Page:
Wrapped Up and Ready for your listening pleasure, The Mannish Boys’ latest CD is another winner

Mannish_Boys_Wrapped_UpThe blues supergroup known as The Mannish Boys has done some pretty terrific stuff over the years, so to say that their newest CD Wrapped Up and Ready (Delta Groove Music) may just be their best yet is no small accomplishment for this California-based contingent.

Having first stepped in to assist with vocals on the band’s last release Double Dynamite, Sugaray Rayford assumes the lion’s share of the vocals on this one, with veteran vocalist Finis Tasby confined to a long-term care facility following a 2012 stroke (here‘s how you can help). While Tasby’s voice is of course missed and would only help to make this already superb recording that much stronger, the ailing singer can rest (and, hopefully, recuperate) easy knowing that his role in the band is being handled so capably.

Keeping with a rich Mannish Boys tradition, Rayford has plenty of help, trading off on vocals with other members of the band (guitarist Franck Goldwasser on “Struggle in My Hometown” and “Don’t Say You’re Sorry”, and harmonica player and producer Randy Chortkoff on “Can’t Make a Livin'”) as well as guests such as Candye Kane (Ike Turner’s “I Idolize You”) and Steve Freund (“The Blues Has Made Me Whole”), in addition to being supported by guest musicians that include guitarists Kid Ramos and Monster Mike Welch, harmonica aces Kim Wilson and Bob Corritore, pianist Fred Kaplan, and horn man Ron Dziubla, among others.

Combine that with the already considerable talent of the core band – which also includes Kirk Fletcher on guitar, Willie Campbell on bass, and Jimi Bott on drums and percussion – and the end result is an immensely entertaining and diverse collection of songs, from the Chicago swagger of the opening “I Ain’t Sayin'” penned by and featuring Mike Welch as well as some strong vocals from Rayford in delivering such lyrics as “I ain’t sayin’, I’m just sayin’, you can use a man like me”, all the way through to the album’s tight 8-minute closing instrumental, “Blues for Michael Bloomfield”, with a whole lot more good stuff in between.

Like, for example, the swinging, T-Bone Walker-styled “Everything’s Alright” (Roy Brown), with Ramos on guitar and Dziubla on sax in addition to being one of two tracks to feature Campbell on upright bass (and you can really dance to it). From there, the band moves to a groovy “Struggle in My Hometown” that showcases Goldwasser on both vocals and lead guitar along with some rather neat, jazzy transitions before they arrive at the upbeat title track featuring Wilson on harmonica and background vocals as Kaplan tickles the ivories.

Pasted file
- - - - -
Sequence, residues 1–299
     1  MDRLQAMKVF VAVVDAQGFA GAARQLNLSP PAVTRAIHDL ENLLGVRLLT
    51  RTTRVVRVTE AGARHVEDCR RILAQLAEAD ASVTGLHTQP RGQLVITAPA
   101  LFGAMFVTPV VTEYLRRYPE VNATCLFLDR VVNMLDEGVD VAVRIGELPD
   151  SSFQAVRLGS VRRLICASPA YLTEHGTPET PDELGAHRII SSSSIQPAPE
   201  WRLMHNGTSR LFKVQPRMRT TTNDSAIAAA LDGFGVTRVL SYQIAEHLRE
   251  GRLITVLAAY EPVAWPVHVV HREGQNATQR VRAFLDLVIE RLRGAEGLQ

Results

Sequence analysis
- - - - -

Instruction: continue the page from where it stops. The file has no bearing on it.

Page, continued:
Truth is, this album is just one great song after another, moving, for example, from the slow blues of “It Was Fun” with Freund on lead guitar and some more great piano from Kaplan, to the early rock & roll territory of a Chortkoff-penned “I Can Always Dream”, and then on to Kane on vocals for the creeping “I Idolize You”, where she’s accompanied by her own guitarist Laura Chavez, Chortkoff on harp, and some nice female background vocals.

Wilson returns on harmonica, Welch on guitar, and Dziubla on saxophone for the soulful “Something for Nothing”, while Chortkoff contributes both harp and some gritty vocals on the country shuffler “Can’t Make a Livin'”, joined by Welch on tremolo guitar and newcomer Trenda Fox on vocals.

A Welch-penned “I Have Love” features Corritore on harmonica and Welch on lead guitar, with Ramos making his second appearance on guitar on the swaying “She Belongs to Me” (Magic Sam) before Goldwasser’s spitting, Duke Robillard-like vocals and slide guitar help close out the collection with “Don’t Say You’re Sorry”, followed only by the aforementioned “Blues for Michael Bloomfield”.

Even having said all that, we still can’t say enough good things about this album – from Rayford’s intense vocals on songs like “You Better Watch Yourself” to the tightness of the band throughout – but we hope by now you’re starting to get the picture: this is one you really need to hear to appreciate.

It may not come all tied in a bow, but this latest project from The Mannish Boys is wrapped up and ready for critics and fans alike. Easily one of the strongest releases of the year, don’t be surprised to see it nominated for a few awards down the road.

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